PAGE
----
One pitfall for the beginner is that as soon as he gets the easier dances under some semblance of control, he aspires to the progressively more difficult ones without sufficient preparation.
Accordingly, the overambitious skater is apt to experience a frustration that I call RBPW, or Rejection by Pretty Women. (All the women and girls in our club are pretty.) I ask some lovely to do the fox-trot, a dance about halfway up the scale of difficulty, and she allows as how she had rather not. I start to look for another partner, and, the next thing I know, I see the lady who has rejected me dancing the fox-trot with Bill Carson.
Is this a flagrant breach of etiquette that will get her blackballed from the club? It is not. Carson, the blighter, is three times as good a skater as I am (besides being 25 years younger), and it is an unwritten law of skating that a lady has a perfect right to turn down anyone she's leery of skating with.
I have found it advisable to skate with a) partners in my class, which is low, b) partners above my class who are used to my idiosyncrasies such as skating too far away from them, making sloppy turns, gasping, cringing and forgetting what dance I'm doing, to name a few, c) a professional who can cope with anything.
I have managed to get through about half the 20 dances right side up, but I wish I hadn't waited until a year ago to take professional lessons. My trouble—or rather one of my troubles—is that I formerly played hockey. This is a mixed blessing for one who turns to figure skating. Hockey gives one surefootedness and confidence against falling, but it also induces the habit of leaning forward, with the fanny protruding. This is bad.
Very bad. Vera, my teacher, is trying to cure this fault and others, and it is costing her a lot of breath and me a lot of cash. Skating pros tend to be perfectionists, chary with praise, profuse with criticism, and, in fairness to them, they probably wouldn't get results if they weren't. This is because the average skater is apt to be completely unaware of his faults unless they are constantly pointed out to him—whereas a golfer with a habitual 90� slice might at least suspect something was amiss with his form.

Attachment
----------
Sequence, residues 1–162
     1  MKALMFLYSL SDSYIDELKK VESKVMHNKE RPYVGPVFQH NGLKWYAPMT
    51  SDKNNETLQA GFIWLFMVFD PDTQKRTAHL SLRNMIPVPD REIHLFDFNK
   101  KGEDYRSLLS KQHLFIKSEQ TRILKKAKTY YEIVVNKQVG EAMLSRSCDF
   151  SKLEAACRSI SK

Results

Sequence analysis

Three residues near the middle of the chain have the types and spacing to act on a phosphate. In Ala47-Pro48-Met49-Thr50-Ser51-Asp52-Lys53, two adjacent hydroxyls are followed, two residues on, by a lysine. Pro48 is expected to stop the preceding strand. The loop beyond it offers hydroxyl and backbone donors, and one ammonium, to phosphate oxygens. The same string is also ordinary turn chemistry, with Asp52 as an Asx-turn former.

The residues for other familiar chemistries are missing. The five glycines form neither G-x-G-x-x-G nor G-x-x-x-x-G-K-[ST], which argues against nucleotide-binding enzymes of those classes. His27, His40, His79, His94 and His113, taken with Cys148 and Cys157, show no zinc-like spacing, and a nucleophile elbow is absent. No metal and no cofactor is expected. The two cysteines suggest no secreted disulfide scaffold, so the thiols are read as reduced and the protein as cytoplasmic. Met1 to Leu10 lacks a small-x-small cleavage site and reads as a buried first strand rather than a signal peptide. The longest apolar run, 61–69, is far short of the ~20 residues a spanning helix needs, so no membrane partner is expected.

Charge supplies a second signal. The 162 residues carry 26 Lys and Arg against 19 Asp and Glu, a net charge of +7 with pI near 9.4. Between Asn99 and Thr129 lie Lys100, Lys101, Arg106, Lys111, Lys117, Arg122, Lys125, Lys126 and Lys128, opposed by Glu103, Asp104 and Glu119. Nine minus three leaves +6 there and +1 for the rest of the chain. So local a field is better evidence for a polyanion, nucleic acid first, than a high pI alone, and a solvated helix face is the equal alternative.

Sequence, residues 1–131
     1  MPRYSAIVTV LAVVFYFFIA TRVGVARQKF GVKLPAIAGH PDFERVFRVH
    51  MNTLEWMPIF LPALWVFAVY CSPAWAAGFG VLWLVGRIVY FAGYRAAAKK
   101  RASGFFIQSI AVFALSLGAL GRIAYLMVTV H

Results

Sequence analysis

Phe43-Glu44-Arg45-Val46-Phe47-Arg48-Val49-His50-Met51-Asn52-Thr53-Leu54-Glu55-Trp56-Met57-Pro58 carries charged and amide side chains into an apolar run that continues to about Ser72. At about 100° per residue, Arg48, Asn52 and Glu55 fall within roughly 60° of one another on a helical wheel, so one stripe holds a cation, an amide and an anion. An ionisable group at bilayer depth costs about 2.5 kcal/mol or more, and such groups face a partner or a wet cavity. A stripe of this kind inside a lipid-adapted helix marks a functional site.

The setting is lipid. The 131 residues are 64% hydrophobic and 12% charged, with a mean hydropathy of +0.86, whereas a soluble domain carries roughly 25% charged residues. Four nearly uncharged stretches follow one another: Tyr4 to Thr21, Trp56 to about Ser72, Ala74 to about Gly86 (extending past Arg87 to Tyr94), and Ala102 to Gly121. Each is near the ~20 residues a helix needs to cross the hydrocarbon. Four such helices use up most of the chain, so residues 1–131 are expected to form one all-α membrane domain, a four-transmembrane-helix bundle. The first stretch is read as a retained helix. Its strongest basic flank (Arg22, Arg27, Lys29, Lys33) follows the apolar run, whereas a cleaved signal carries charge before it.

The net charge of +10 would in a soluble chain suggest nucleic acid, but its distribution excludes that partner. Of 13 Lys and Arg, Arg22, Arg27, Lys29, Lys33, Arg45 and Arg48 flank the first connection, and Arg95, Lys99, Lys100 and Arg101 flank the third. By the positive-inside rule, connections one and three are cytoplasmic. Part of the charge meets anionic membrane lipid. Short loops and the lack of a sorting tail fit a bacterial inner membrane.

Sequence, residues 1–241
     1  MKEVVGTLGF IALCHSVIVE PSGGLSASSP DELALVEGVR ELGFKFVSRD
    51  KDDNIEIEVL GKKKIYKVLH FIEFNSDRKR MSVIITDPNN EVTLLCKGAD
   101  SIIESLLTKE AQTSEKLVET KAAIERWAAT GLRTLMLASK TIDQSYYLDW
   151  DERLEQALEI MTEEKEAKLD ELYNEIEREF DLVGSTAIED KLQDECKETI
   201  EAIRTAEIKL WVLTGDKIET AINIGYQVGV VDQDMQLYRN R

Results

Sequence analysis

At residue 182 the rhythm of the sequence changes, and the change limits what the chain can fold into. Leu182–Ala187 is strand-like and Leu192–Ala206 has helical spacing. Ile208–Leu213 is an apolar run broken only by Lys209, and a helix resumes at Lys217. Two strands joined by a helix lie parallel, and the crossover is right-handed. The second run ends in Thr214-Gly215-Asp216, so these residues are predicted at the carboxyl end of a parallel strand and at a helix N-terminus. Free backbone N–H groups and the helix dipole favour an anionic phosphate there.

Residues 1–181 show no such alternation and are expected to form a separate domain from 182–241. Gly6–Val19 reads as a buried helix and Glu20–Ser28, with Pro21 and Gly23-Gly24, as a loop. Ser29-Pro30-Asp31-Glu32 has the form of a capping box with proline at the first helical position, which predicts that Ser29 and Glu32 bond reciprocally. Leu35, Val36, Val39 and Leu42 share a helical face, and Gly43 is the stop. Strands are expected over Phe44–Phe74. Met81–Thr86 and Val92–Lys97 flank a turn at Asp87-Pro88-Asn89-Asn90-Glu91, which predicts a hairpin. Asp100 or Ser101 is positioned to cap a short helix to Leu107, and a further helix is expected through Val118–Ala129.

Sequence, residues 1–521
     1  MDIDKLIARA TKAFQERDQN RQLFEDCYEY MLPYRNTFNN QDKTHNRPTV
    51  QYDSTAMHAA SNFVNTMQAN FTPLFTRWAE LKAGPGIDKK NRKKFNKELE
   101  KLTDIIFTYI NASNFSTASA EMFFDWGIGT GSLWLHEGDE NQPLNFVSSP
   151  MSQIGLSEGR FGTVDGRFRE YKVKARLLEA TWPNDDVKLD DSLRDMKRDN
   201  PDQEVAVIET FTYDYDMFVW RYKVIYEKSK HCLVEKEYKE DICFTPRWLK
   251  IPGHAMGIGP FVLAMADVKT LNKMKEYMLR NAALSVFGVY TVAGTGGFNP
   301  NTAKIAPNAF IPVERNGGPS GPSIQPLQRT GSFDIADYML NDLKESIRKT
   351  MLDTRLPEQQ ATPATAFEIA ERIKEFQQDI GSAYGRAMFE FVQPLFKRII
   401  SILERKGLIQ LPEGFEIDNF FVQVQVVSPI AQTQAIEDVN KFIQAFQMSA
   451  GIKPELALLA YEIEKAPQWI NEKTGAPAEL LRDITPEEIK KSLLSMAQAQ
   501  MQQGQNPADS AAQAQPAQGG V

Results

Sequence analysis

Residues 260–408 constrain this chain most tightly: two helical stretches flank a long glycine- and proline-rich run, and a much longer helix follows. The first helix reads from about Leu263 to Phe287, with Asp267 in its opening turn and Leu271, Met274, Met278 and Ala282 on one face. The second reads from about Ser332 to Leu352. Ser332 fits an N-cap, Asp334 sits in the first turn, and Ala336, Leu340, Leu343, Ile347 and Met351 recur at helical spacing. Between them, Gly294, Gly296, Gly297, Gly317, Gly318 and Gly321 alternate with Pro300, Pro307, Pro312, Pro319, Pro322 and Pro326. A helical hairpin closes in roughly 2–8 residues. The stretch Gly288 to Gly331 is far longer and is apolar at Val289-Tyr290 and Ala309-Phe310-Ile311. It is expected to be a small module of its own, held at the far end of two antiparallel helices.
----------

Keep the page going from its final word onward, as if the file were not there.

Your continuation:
Vera—the name derives from Veritas or veracity, doesn't it?—is a lady who pulls no punches. We get on the ice, and she says, "Now let's see if you can do a mohawk without scratching so loud they can hear it in Bridgeport." On other occasions Vera is more explicit. To get my attention and keep it, she may state, "Get that fanny in, or I'll slug you." Oh well, she hasn't landed yet, and, besides, I've overheard her laying down the law to better skaters than I.
A skater may elect to take tests but to pass tests—advanced ones in particular—it is practically mandatory to take private lessons.
Taking a test can be a chilling experience. Only you and your partner occupy the ice, or, at most, there is only one other couple. All eyes are upon you. Not only the three judges', but those of your hopeful teacher and of various fellow skaters, some of whom have given you gratuitous pointers from time to time. And just to make sure you're not under the delusion that you're out there merely for kicks, a stentorian voice announces through the loudspeaker, just as the music is about to begin, "Mr. Cummings, you are now on test!"
I took the preliminary group test last year and passed the dutch waltz and the canasta tango, despite a pair of wobbly knees and a stomach full of butterflies. But what I remember best is the swing dance, the third one in the group. When I first tried dancing, six years ago, I remarked to a friend that it took a lot of concentration and memorizing to learn the patterns—the required step sequences—of the various dances.